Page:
ON RACE AND RACISM
Race and racism continue to divide the “human,” cutting through its constitution, hierarchizing and “massacring” it, producing its de-humanizing effects as a long history of anti-racist and anti-colonial thinking and struggles point out. This critical dialogue aims at connecting with that history and at relaunching the critique of race and racism in the current global conjuncture. Gone are the days in which it seemed that we were all becoming “post-racial.” White supremacy in the U.S., anti-immigrant politics in Europe, emerging new constellations of race and racism from Latin America to India alert us to the need of a practical critique capable to grasp at the same time the heterogeneous forms and the constitutive role of racism for the working of contemporary capitalism. Taking race and racism as a mirror to investigate the mutations of the human in the present, the critical dialogue will also ask crucial questions regarding the conceptual tools that we need to imagine and construct a future liberated from racism.
Ian Baucom is Professor of English and the Buckner W. Clay Dean of the College and Graduate School of Arts & Sciences (UVA). He earned his undergraduate degree in political science from Wake Forest University and holds a master's degree in African studies and a doctorate in English, both from Yale University. He is the author of Out of Place: Englishness, Empire and the Locations of Identity (1999, Princeton University Press), Specters of the Atlantic: Finance Capital, Slavery, and the Philosophy of History (2005, Duke University Press), and co-editor of Shades of Black: Assembling Black Arts in 1980s Britain (2005, Duke University Press). He has edited special issues of the South Atlantic Quarterly on Atlantic Studies and Romanticism, and is currently working on a new book project tentatively entitled The Disasters of War: On Inimical Life.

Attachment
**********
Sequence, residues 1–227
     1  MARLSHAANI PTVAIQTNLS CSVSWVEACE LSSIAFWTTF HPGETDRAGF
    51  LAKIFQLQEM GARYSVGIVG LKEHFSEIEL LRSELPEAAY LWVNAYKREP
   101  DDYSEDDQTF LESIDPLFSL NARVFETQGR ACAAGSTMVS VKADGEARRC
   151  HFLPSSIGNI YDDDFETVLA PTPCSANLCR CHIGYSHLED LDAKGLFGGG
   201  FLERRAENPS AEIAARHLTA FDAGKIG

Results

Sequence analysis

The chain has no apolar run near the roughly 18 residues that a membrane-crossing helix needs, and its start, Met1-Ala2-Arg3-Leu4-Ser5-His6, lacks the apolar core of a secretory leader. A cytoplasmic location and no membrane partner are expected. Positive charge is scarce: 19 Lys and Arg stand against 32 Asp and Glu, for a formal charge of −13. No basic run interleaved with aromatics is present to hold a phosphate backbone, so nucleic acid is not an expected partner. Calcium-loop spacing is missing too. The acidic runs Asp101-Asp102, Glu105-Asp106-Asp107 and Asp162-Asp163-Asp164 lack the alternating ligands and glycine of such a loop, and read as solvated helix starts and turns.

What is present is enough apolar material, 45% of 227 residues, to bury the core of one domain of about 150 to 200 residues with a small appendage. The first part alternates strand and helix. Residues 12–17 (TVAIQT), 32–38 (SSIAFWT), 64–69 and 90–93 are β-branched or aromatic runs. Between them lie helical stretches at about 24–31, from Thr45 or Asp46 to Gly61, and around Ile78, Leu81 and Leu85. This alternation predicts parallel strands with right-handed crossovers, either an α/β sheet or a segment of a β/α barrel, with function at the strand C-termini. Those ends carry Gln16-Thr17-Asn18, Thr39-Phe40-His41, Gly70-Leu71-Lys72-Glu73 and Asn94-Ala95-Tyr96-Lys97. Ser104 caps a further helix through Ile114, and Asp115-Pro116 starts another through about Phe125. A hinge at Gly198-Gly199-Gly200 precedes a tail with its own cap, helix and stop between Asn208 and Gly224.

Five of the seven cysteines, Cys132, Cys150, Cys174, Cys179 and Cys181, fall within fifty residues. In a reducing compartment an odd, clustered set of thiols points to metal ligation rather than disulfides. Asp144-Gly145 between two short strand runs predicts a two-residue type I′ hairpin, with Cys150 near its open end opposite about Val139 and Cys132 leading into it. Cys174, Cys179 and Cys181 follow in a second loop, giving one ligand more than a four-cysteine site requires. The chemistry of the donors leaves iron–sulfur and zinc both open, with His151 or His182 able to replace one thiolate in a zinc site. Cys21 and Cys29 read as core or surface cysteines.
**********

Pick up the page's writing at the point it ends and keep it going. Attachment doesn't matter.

Paul Gilroy is currently professor at Kings College in London, having been previously Giddens Professor of Social Theory at the London School of Economics (2005-2012), Charlotte Marian Saden Professor of African American Studies and Sociology at Yale (1999-2005) and Professor of Cultural Studies and Sociology at Goldsmiths College (1995-1999). Professor Gilroy’s areas of scholarly interest encompass postcolonial studies, particularly with regard to London, postimperial melancholia and the emplotment of English victimage; the literature and cultural politics of European decolonisation; African American intellectual and cultural history, literature and philosophy; the formation and reproduction of national identity especially with regard to race and “identity”; the literary and theoretical significance of port cities and pelagics. Gilroy has also published on art, music and social theory. His current projects are the writing of Alain Locke, the cultural significance of aerial bombardment and the autobiographical writing generated by colonial wars.
Achille Mbembe is Professor at WiSER in South Africa. Born in Cameroon, he obtained his Ph.D in History at the Sorbonne in Paris in 1989 and a D.E.A. in Political Science at the Institut d’Etudes Politiques (Paris). He was Assistant Professor of History at Columbia University, New York, from 1988-1991, a Senior Research Fellow at the Brookings Institute in Washington, D.C., from 1991 to 1992, Associate Professor of History at the University of Pennsylvania from 1992 to 1996, Executive Director of the Council for the Development of Social Science Research in Africa (Codesria) in Dakar, Senegal, from 1996 to 2000. Achille was also a visiting Professor at the University of California, Berkeley, in 2001, and a visiting Professor at Yale University in 2003. He has written extensively in African history and politics, including La naissance du maquis dans le Sud-Cameroun (Paris, Karthala, 1996). On the Postcolonywas published in Paris in 2000 in French and the English translation was published by the University of California Press, Berkeley, in 2001. In 2015, Wits University Press published a new, African edition. He has an A1 rating from the National Research Foundation.
Luca Jourdan Luca Jourdan (PhD) is Associate Professor of Cultural Anthropology and Political Anthropology at the University of Bologna. Member of the Italian Ethnological Mission in Equatorial Africa, since 2001 he has carried out a field research on youth and war, childhood crisis, informal economies and the frontier in North Kivu (Democratic Republic of Congo). He is currently carring on a research on Eritrean refugees in Kampala and on the conflict in Kasese district.